The two applications were referred straight to the Full Federal Court of Australia.

Judgment

The Full Court dismissed CRN’s application, discharged the interim anti-suit injunction and stayed the proceedings in favour of arbitration in London on the basis that:

  1. CRN did not prove BBC’s liability would not be lessened in London arbitration. As a result, the choice of law and arbitration clause in the bill of lading is not null and void pursuant to Article 3, Rule 8 of the Amended Hague Rules;
  2. There are no issues regarding the potential English interpretation of the Australian Hague Rules, given the relevant bill of lading is governed by the Australian Hague Rules, as applied under Australian law in s 10(1)(b)(ii) of COGSA and BBC’s undertaking to apply the Amended Hague Rules as applied under Australian law in the London arbitration;
  3. CRN does not have a statutory right to restrain the London arbitration pursuant to s 11(2) of COGSA. There has never been a legislative intent that the parties to a sea carriage document, including a bill of lading, should be unable to contract out of the jurisdiction of Australian courts in respect of inter-State carriage of goods (no matter how “inconsistent” this seems with the provisions of s11(2)(b) and (c) of COGSA); and
  4. Despite the apparent overlooking of inter-State contracts for carriage of goods by sea in s 11(2) of COGSA, it is not appropriate to fill this gap by inserting words to cover inter-State shipments in s 11(2)(a) and s 11(2)(b).

The Full Court’s narrow approach to s 11(2) of COGSA, if correct, exposes a bizarre loophole in Australia’s shipping legislation, namely, that there is an overriding Australian jurisdiction to hear international shipping disputes, but no overriding Australian jurisdiction to hear domestic shipping disputes, where the bill of lading contains a foreign jurisdiction clause.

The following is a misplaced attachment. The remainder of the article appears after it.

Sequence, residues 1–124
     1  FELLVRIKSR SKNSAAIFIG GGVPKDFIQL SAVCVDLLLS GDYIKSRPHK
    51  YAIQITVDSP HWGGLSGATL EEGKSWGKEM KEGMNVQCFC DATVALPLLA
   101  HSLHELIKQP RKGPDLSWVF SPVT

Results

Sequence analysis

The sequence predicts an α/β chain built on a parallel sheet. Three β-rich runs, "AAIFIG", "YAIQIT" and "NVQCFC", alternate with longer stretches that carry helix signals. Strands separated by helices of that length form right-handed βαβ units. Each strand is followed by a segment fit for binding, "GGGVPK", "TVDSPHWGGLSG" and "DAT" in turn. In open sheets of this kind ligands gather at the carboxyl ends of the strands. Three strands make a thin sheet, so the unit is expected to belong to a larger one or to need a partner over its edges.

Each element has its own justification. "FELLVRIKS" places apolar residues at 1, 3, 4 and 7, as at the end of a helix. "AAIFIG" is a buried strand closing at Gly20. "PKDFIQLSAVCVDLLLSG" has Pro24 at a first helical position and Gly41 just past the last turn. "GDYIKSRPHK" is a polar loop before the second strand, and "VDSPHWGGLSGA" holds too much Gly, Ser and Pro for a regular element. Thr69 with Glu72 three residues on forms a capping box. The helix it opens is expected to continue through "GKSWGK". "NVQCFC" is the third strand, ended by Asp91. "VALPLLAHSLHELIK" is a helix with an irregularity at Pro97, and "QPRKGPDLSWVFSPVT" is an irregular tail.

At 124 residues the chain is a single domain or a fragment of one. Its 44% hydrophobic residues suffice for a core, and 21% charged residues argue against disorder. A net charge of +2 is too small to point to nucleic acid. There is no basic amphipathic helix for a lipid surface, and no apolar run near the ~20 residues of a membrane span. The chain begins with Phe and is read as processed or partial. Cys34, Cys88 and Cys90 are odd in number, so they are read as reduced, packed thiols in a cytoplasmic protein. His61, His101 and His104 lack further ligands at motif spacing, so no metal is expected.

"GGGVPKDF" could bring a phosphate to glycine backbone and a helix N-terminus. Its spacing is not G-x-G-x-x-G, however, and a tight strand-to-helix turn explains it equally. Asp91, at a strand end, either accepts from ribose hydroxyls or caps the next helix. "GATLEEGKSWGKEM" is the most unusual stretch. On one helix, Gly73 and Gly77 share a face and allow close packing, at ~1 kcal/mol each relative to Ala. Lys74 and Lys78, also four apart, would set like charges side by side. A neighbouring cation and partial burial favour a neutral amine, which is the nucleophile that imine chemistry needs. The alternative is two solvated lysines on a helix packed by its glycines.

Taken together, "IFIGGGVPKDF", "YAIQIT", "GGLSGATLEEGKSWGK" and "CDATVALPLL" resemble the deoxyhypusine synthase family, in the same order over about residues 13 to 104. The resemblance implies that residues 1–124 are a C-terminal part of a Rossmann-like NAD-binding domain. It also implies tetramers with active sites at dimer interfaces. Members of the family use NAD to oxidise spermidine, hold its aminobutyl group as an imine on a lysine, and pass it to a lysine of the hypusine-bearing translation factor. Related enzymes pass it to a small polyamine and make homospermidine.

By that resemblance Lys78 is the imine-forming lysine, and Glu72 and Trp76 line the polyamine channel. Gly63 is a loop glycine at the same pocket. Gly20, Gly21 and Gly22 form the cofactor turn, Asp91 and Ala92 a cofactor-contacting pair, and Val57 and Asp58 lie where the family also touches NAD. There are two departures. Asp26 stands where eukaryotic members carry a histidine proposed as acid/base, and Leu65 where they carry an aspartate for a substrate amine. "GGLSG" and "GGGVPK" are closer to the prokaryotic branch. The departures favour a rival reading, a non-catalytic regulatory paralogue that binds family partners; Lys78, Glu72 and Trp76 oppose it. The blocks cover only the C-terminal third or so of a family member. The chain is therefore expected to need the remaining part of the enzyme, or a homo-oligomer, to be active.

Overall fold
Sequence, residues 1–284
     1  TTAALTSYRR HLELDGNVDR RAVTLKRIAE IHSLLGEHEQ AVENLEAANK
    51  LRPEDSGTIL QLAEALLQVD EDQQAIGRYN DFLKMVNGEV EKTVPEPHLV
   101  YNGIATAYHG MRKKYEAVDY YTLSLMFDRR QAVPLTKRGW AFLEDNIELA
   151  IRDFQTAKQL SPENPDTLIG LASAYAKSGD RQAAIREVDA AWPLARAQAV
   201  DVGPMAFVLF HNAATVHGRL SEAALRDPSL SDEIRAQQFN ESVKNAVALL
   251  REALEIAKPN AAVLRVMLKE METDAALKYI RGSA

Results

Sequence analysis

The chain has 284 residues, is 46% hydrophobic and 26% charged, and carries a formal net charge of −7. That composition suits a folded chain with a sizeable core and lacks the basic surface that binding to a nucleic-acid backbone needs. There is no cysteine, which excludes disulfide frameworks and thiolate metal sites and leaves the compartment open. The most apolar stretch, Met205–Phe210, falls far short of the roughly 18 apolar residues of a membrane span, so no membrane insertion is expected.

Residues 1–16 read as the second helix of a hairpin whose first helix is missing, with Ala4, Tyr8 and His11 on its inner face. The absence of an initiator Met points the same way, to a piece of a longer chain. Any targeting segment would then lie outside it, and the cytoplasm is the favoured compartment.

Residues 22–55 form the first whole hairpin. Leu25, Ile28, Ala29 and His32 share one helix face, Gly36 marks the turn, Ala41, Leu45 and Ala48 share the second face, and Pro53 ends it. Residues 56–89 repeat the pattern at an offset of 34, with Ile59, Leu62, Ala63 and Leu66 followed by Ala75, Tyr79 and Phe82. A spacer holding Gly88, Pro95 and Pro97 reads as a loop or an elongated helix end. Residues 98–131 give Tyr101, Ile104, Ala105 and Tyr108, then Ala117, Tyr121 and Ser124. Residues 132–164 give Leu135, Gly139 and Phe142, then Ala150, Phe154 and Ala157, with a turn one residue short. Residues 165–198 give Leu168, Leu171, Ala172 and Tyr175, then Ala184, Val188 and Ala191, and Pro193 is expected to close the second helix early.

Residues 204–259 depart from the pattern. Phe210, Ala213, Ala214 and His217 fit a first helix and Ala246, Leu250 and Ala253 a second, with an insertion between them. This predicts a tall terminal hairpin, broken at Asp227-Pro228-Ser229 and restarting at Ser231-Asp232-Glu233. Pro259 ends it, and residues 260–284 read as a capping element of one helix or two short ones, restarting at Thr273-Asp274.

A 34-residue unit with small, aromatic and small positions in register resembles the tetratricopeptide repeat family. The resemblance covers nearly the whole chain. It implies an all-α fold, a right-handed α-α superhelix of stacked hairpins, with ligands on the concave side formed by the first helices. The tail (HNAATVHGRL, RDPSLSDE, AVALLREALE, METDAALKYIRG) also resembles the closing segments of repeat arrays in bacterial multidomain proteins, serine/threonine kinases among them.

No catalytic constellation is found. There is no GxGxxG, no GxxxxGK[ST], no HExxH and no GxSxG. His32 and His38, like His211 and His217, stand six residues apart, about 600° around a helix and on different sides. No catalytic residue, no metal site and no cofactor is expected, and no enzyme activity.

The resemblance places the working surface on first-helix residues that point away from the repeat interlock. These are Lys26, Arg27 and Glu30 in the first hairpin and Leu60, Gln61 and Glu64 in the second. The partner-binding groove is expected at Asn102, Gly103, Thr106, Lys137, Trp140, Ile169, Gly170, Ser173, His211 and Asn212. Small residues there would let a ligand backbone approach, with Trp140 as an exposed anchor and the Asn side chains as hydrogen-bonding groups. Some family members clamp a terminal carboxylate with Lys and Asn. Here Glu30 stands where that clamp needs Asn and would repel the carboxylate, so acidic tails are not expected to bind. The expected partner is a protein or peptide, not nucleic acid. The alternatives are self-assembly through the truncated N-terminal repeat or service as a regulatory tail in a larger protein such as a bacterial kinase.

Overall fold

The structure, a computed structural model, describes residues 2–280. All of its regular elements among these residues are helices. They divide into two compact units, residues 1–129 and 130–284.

This regime is entirely inconsistent with the intention of the original 1904 drafters of the legislation, who intended to create a shipping regime to prevent shippers and foreign carriers/shipowners evading Australian jurisdiction or laws on inter-State shipments. It was only in respect of international shipments that the drafters thought some additional provision would be necessary to ensure that circumvention was impossible. If they were right, s 11
should have been construed accordingly i.e. it nullifies foreign choice of law clauses within bills of lading for inter-State shipments. However, if the drafters of the legislation made a mistake or “oversight”, then this is an appropriate case for reading words into s 11(2) to include inter-State shipments.

CRN has applied for special leave in the High Court of Australia to overturn the Full Court’s decision.

A link to the Full Federal Court Judgment can be found here: https://www.judgments.fedcourt.gov.au/judgments/Judgments/fca/full/2022/2022fcafc0171

[1] Gregory Nell SC, “An Apparent Lacuna”, Shipping Australia (Autumn/Winter 2021) 32; Carmichael Rail Network Pty Ltd v BBC Chartering Carriers GmbH & Co. KG (The BBC Nile) ], [2022] FCAFC 171 at [100], [103].

For further information, please do not hesitate to contact us.